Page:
Electric cars like the 2019 Nissan Leaf Plus are too quiet. Photo: Nissan

Federal auto safety officials may soon allow you to pick your car's ringtone.

Why it matters: Electric vehicles and hybrids are quiet, which means they can be dangerous to pedestrians, bicyclists and people with vision impairments. The National Highway Traffic Safety Administration requires carmakers to add alert sounds to their quiet models.

What's happening: This week, in response to automakers' requests, NHTSA said it will at least let consumers choose from a variety of sounds, Reuters reports.

  • Whether there's a limit on the number of compliant sounds is still open for discussion.

My thought bubble: I'm all for customization, but this sounds like a situation where there should be a standard sound so people know when a car is approaching and don't confuse it with other ambient sounds.

The bottom line: It will cost automakers about $40 million a year to add an external waterproof speaker to comply with the rule, but reduced injuries will save an estimated $250 million to $320 million annually.

Go deeper

52 mins ago - World

U.S. policy shift will allow taxpayer funding for projects in West Bank settlements

Friedman (L) with Netanyahu. Photo: Menahem Kahana/AFP via Getty Images

The U.S. and Israel will announce tomorrow that they are expanding three agreements on scientific cooperation to include Israeli settlements in the West Bank, Israeli and U.S. officials tell me.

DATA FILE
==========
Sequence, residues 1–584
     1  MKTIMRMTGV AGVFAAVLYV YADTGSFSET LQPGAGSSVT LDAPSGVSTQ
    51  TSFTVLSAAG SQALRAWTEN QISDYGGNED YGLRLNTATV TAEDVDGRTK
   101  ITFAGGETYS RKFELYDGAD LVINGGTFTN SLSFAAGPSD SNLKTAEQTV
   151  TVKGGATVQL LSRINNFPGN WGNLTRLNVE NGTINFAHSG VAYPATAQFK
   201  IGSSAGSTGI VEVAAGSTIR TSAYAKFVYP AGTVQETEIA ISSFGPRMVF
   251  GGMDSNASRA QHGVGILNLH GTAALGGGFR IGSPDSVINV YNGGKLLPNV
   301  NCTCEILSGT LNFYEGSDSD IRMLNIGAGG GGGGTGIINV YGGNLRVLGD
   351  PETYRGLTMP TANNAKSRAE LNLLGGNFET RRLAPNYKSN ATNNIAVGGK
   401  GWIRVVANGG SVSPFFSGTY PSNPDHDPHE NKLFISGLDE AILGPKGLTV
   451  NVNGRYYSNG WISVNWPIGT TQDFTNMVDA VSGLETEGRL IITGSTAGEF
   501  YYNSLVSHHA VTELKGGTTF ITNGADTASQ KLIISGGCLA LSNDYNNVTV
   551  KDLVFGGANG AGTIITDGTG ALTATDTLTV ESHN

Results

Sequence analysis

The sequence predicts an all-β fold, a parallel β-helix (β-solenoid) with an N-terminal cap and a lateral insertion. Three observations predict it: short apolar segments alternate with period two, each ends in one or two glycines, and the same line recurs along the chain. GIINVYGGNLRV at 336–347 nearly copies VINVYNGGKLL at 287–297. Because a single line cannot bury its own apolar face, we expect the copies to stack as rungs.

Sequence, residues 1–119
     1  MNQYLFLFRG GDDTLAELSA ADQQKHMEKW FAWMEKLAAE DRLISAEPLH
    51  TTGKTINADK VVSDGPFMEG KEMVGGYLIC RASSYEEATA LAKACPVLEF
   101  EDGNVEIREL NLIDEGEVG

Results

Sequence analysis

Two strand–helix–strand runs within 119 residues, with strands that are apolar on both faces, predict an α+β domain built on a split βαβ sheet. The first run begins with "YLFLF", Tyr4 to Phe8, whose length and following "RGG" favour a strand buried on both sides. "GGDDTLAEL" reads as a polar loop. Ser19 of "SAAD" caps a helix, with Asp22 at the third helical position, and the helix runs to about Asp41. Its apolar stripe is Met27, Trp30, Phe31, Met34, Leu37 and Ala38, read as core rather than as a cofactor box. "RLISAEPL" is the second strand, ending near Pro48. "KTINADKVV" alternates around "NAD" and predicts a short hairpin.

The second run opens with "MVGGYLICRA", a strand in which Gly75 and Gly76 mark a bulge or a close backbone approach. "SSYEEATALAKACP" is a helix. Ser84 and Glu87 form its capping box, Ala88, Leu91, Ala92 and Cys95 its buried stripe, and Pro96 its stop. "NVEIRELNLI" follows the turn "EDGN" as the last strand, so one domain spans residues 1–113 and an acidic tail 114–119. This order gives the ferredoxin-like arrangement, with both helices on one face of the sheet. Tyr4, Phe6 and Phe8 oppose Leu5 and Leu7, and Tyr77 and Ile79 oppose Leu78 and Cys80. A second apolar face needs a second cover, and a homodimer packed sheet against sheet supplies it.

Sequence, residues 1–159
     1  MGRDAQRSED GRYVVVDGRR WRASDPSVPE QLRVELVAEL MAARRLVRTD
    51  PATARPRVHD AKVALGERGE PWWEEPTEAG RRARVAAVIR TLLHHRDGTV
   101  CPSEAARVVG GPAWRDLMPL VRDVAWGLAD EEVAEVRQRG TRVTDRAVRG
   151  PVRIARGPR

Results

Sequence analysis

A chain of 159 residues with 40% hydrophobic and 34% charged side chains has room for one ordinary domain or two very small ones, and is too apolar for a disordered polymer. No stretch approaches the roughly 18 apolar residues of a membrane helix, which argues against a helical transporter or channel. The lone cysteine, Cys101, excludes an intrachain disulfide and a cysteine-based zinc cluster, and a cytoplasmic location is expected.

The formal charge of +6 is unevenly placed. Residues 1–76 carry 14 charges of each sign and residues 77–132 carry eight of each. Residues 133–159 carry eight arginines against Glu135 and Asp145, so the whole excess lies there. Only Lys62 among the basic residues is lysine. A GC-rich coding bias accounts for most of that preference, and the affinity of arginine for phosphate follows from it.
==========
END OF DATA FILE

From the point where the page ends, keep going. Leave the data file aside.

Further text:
Why it matters: This is a substantial policy shift for the U.S., which did not previously allow its taxpayers' money to be spent in the Israeli settlements.

Updated 2 hours ago - Politics & Policy

Coronavirus dashboard

Illustration: Sarah Grillo/Axios

  1. Politics: Obama: Trump is "jealous of COVID's media coverage" Axios-Ipsos poll: Federal response has only gotten worse.
  2. Health: Hospitals face a crush — 13 states set single-day case records last week.
  3. Business: Winter threat spurs new surge of startup activity.
  4. Media: Pandemic causes TV providers to lose the most subscribers ever.
  5. States: Nearly two dozen Minnesota cases traced to three Trump campaign events.
  6. World: Putin mandates face masks.

McConnell: Confirming Amy Coney Barrett will help GOP retain Senate

Photo: Samuel Corum/Getty Images

Senate Majority Leader Mitch McConnell (R-Ky.) expressed no regrets about Judge Amy Coney Barrett's controversial confirmation, telling Politico in an interview that he believes the decision to place her on the Supreme Court just a week before the election will help Republicans retain the Senate.

Why it matters: With a week to go until Election Day, many Republicans are concerned that President Trump's unpopularity could cost them the Senate. McConnell has long viewed the transformation of the federal judiciary through the confirmation of young conservative judges as his defining legacy.